Unlike the series circuit, one battery will work for the parallel circuit. Add a second battery, and you'll have super bright lights!
Have the Scouts use their imaginations to come up with other shapes they can make with this project.
Need to buy the supplies for this circuit project? Find them in my Amazon shop!
What do you think? Way simpler than stripping wire! Let me know what shapes your Scouts make.
Yours in Scouting,
Friday 21st of January 2022
Thank you so much for this! I was envisioning lots of wires and taping and fumbling with flashlight lightbulbs... using this copper tape and little leds looks so much easier. I'm now looking forward to leading this adventure next month so much more!
Sunday 5th of January 2020
How do you stack the batteries is it positive on positive?
Gary M Bush
Tuesday 11th of December 2018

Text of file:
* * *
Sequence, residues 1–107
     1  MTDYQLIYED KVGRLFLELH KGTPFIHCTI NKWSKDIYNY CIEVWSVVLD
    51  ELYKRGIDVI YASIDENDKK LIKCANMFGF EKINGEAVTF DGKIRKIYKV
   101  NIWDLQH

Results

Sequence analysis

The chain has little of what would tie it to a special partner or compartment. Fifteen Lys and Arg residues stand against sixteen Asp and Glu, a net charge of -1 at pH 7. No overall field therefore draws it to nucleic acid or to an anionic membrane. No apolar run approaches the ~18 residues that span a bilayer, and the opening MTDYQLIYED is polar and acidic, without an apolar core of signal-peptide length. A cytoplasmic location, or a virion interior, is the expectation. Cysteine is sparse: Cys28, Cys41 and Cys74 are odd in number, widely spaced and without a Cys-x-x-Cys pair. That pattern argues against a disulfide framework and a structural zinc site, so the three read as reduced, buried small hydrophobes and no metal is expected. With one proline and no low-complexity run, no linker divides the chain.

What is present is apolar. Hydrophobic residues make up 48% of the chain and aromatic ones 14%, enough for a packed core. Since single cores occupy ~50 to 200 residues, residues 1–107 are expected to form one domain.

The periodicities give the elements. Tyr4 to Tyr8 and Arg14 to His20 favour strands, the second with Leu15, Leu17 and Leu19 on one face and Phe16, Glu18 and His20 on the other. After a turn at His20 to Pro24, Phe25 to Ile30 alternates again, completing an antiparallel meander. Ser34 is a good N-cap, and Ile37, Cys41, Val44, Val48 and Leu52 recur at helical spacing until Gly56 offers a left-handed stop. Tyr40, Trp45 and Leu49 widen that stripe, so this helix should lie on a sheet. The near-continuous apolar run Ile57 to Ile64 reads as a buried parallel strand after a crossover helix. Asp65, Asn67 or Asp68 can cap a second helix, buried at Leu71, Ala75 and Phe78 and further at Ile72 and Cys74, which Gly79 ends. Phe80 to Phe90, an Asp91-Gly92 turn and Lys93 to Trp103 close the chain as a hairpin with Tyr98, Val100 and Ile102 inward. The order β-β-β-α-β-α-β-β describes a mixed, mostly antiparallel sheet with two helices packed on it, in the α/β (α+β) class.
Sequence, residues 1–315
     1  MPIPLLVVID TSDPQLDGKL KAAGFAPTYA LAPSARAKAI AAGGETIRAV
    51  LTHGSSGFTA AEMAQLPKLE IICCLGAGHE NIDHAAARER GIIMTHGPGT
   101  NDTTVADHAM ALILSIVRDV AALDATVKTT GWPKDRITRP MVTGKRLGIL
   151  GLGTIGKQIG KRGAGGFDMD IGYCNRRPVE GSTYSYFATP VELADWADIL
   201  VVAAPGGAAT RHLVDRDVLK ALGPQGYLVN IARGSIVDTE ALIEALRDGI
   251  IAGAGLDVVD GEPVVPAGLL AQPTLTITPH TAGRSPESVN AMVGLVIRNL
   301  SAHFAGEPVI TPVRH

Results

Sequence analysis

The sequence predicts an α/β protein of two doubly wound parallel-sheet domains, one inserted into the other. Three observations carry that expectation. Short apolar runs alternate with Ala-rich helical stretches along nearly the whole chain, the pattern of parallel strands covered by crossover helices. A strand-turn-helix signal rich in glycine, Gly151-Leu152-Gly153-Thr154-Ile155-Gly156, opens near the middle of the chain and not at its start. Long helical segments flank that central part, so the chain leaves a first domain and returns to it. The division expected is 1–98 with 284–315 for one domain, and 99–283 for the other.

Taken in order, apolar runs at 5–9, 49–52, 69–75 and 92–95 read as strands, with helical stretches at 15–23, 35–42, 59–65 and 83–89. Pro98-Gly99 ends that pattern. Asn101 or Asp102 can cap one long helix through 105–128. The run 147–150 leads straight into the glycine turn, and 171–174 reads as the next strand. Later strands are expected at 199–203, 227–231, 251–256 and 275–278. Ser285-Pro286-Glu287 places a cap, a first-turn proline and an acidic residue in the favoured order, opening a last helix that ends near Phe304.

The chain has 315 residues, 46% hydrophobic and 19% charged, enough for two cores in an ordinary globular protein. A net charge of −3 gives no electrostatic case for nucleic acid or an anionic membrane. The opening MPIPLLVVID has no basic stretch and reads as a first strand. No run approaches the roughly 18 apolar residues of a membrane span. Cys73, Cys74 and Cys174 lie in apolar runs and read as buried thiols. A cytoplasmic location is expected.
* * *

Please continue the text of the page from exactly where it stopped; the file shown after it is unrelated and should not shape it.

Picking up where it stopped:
Duh! I knew I had read it, but failed to see it again. One must read and then re-read before posting. Sorry about that. You already answered my question. 3 batteries worked for you. I shall try again. Thanks again.
Wednesday 12th of December 2018
Gary, thanks for your kind words! Glad you figured out how many batteries. :)
Gary M Bush
Tuesday 11th of December 2018
Question: How many batteries did you use in your star series circuit? I am having a dickens of a time getting my series circuit to light up. I have tried using 2, 3 and 4 batteries. Any help would be appreciated.
So glad I stumbled upon your site. Very helpful.
Friday 30th of November 2018
Curious, why use scotch tape rather than electrical tape?
Wednesday 12th of December 2018
To be honest, I didn't even think about electrical tape. I still think I would stick with Scotch tape since it's transparent. If you try it with electrical tape, could you let me know how it goes?
Thanks for reading!